The Physiotherapy for Femoroacetabular Impingement Rehabilitation STudy (physioFIRST): A Pilot Randomized Controlled Trial

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Abstract

•STUDY DESIGN:

A pilot double-blind randomized controlled trial (RCT).

•BACKGROUND:

The effectiveness of physical therapy for femoroacetabular impingement syndrome (FAIS) is unknown.

•OBJECTIVES:

To determine the feasibility of an RCT investigating the effectiveness of a physical therapy intervention for FAIS.

•METHODS:

Participants were 17 women and 7 men (mean ± SD age, 37 ± 8 years; body mass index, 25.4 ± 3.4 kg/m2) with FAIS who received physical therapy interventions provided over 12 weeks. The FAIS-specific physical therapy group received personalized progressive strengthening and functional retraining. The control group received standardized stretching exercises. In addition, both groups received manual therapy, progressive physical activity, and education. The primary outcome was feasibility, including integrity of the protocol, recruitment and retention, outcome measures, randomization procedure, and sample-size estimate. Secondary outcomes included hip pain and function (international Hip Outcome Tool-33 [iHOT-33]) and hip muscle strength. Poststudy interviews were conducted to determine potential improvements for future studies.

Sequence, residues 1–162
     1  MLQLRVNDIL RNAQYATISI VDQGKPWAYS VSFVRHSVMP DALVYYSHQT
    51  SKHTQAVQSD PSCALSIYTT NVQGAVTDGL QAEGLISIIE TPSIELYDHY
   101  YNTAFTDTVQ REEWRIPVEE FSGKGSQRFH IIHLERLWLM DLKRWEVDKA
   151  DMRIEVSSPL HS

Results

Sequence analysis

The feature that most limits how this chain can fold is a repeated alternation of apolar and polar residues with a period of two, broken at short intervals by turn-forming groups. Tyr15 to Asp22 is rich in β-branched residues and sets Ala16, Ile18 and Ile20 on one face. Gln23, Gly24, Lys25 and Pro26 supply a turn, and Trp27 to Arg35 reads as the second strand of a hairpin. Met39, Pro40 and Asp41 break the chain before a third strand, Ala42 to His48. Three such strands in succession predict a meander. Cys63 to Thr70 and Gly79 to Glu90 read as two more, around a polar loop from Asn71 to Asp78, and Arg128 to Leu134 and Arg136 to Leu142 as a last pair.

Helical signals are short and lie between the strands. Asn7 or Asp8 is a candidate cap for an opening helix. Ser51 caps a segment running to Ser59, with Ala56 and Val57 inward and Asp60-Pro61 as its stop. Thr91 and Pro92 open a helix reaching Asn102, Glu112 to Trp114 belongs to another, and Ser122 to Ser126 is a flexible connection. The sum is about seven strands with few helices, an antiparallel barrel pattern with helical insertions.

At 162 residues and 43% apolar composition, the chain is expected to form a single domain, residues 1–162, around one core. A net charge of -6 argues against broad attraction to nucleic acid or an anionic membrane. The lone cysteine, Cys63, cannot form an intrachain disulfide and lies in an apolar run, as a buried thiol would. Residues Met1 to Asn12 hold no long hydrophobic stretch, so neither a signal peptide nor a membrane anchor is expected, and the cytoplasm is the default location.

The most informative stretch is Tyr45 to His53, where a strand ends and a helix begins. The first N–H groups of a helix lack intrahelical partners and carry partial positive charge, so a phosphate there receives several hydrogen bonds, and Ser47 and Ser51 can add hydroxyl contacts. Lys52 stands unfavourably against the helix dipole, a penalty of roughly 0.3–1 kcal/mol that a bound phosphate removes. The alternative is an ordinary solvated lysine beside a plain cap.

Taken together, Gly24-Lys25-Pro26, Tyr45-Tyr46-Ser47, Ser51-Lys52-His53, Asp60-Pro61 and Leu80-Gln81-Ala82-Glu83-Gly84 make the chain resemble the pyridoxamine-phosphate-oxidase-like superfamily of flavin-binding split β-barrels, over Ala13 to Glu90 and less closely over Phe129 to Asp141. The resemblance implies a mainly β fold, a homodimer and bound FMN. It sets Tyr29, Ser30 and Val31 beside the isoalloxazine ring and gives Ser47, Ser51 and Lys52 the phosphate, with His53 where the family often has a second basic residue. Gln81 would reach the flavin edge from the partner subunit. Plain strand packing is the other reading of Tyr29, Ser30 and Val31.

•RESULTS:

Twenty-four (100%) patients with known eligibility agreed to participate. Four patients (17%) were lost to follow-up. All participants and the tester remained blinded, and the control intervention was acceptable to participants. The between-group mean differences in change scores were 16 (95% confidence interval [CI]: -9, 38) for the iHOT-33 and 0.24 (95% CI: 0.02, 0.47) Nm/kg for hip adduction strength, favoring the FAIS-specific physical therapy group. Using an effect size of 0.61, between-group improvements for the iHOT-33 suggest that 144 participants are required for a full-scale RCT.

•CONCLUSION:

A full-scale RCT of physical therapy for FAIS is feasible. A FAIS-specific physical therapy program has the potential for a moderate to large positive effect on hip pain, function, and hip adductor strength.

•LEVEL OF EVIDENCE:

Therapy, level 2b.

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